Consciousness & cosmology

"Syntax" by Steve Tobin. Copper, bronze.

“Syntax” by Steve Tobin. Copper, bronze. What can be said about all the things we think make up an “I”?

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I’ve completed I Am a Strange Loop and Why Does the World Exist? and found, not entirely to my surprise (but to my delight–braiding and synthesis!), that the existential, metaphysical, and cosmological aspects of both authors connect intriguingly. Thomas Nagel, an important “philosopher of mind,” appears as an influence in both of these writers’ books, and Einstein and Plato and Heidegger. Both authors end up citing Derek Parfit’s work, and Holt even interviews him! It turns out that trying to determine the “reason” the world exists at all is not that different from trying to understand what consciousness is made of and where it resides.

After taking up mathematical proofs and several philosophical arguments, as well as neurological science as a basis for the evolution of “mind,” Hofstadter’s book gradually takes apart the mind-body problem that Descartes made so iconic for Western civilization’s thinkers. He keeps returning–and that’s an appropriate word–to the metaphor of looping. He looks at the strange loops of Escher’s drawings and of string theorists’ rolled-up dimensions and alerts us to how crucial the concept of self-reference is to the theory of consciousness.

The need for self-referentiality in a fully “human” consciousness gets him to the idea of “small-souledness” (among, say, such beings as mosquitoes). What portion of our selves makes us able to think about thinking, for example? Is that identity, or consciousness? What’s the difference? Here is where Parfit comes in. Hofstadter writes that Parfit “staunchly resists the idea that the concept of ‘personal identity’ makes sense. To be sure, it makes sense in the everyday world we inhabit…we all more or less take for granted this notion of ‘Cartesian Ego’ in our daily lives; it is built into our common sense, into our languages, and into our cultural backgrounds.”

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If we care at all about what there may be beyond our everyday lives–and certainly people like Hofstadter, Holt, Bachelard, and me, among others, do care–we need to get “meta” in our meditations, which invariably leads to paradoxes and thorny tangles. Hofstadter’s book also engages with his ‘personal life’ (if, indeed, a personal identity or personal life exists). When his wife died, he found himself engaged in the seemingly unanswerable question of “Where did Carol go?” Did “Doug-and-Carol,” the shared dreams and lives and understandings of two people who knew one another intimately, simply vanish when Carol’s body died? Hofstadter cannot fathom that this shared identity “goes poof” when the body stops. He, after all, still feels connected to the Doug-and-Carol shared consciousness.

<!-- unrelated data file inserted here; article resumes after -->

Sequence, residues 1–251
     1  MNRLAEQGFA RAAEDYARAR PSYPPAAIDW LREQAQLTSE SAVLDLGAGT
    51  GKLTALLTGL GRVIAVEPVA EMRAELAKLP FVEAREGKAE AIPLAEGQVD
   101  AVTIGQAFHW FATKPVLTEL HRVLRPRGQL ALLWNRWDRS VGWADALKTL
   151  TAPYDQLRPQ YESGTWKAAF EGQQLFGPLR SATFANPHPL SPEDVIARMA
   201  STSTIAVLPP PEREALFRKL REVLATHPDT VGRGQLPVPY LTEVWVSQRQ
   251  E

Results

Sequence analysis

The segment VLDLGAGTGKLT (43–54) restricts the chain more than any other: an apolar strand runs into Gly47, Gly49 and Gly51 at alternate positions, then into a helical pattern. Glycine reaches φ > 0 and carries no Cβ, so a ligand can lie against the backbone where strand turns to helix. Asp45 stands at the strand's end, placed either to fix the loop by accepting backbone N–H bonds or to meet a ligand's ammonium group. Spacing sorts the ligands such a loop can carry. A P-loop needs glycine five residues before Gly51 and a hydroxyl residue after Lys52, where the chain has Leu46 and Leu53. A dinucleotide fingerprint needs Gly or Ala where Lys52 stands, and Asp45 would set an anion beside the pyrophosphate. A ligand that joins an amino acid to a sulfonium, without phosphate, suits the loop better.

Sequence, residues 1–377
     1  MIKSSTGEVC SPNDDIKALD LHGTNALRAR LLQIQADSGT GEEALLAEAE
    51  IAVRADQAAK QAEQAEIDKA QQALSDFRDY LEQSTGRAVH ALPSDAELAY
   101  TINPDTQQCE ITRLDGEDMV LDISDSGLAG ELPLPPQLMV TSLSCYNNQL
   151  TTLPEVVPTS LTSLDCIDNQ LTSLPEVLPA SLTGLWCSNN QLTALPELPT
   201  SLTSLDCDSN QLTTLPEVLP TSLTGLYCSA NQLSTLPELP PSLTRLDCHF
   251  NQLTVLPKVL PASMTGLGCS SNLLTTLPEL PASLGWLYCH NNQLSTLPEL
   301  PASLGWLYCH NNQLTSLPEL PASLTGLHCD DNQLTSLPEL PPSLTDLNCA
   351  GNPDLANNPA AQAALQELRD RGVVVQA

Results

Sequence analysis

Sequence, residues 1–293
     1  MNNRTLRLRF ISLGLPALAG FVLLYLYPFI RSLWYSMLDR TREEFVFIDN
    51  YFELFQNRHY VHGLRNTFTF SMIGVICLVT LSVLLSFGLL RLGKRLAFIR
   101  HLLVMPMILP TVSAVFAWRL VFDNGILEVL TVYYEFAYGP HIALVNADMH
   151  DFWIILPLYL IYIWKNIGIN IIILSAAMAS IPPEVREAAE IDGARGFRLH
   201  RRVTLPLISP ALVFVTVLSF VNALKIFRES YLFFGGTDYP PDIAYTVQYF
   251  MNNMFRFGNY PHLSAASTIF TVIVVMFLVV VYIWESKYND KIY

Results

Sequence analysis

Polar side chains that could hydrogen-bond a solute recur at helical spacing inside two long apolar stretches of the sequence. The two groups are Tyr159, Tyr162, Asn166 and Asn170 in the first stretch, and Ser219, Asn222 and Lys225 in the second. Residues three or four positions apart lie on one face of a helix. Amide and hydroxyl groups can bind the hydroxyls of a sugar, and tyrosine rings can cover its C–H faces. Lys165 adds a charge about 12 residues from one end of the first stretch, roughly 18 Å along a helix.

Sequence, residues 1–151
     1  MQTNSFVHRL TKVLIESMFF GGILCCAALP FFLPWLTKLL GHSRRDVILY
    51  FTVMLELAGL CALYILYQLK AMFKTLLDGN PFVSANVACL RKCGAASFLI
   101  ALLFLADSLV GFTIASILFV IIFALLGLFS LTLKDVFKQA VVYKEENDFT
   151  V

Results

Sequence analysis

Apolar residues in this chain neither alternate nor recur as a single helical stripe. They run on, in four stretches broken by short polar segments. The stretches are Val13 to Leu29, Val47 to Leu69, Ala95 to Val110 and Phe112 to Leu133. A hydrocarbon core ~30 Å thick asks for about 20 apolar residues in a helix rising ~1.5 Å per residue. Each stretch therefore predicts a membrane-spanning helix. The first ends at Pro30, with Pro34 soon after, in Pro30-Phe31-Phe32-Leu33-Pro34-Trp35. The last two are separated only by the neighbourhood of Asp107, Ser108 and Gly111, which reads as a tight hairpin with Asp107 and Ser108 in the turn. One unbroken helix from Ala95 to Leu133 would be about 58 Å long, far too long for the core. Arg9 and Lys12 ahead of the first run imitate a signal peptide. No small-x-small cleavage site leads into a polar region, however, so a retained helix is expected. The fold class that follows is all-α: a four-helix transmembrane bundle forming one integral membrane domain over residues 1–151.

It feels real to him. So–what is consciousness? From whence does it emanate, or originate? Is it real, or is it an illusion–is there no such thing as the personal identity we hold so dear that we cannot even imagine ourselves any other way than as an “I”? (Are feelings real?)

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Jim Holt’s book likewise gets more personal as the chapters progress and as he wrestles with his existential inquiry through texts and interviews. That seems quite appropriate: how can we use language to untangle what language itself makes vague and confusing? (See Tobin’s sculpture “Syntax,” above, for a physical view of loopy entanglement and potential words). Holt’s inquiry initially seems based on the abstract, mathematical, physics of why/how the universe got here; but he ends on the metaphysical and philosophical…whereas Hofstadter entertains the metaphysical from the get-go but employs mathematics, psychology, and brain physiology as well as philosophy. And they encounter similar quandaries, paradoxes, and uncertainties. Both authors essentially come to a similar conclusion about the mystery of existence, though they accept or compromise with their conclusions in slightly different ways. Then again, they are different people who have lived different experiences. Reading both books has been, for me, a valuable experience and one that’s made me examine my own thinking about being.

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Apropos of these musings, and thanks again to Popova of Brainpickings, here’s a few more words on some contemporary thinkers who have theorized as Holt has (in particular, Lawrence Kraus) in the debate on Something vs. Nothing: “What is Nothing”

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…And, apropos of nothing in this post, but to lighten the mood, here’s an amusing little blog from The New Yorker about pilcrows & pound signs & ampersands.

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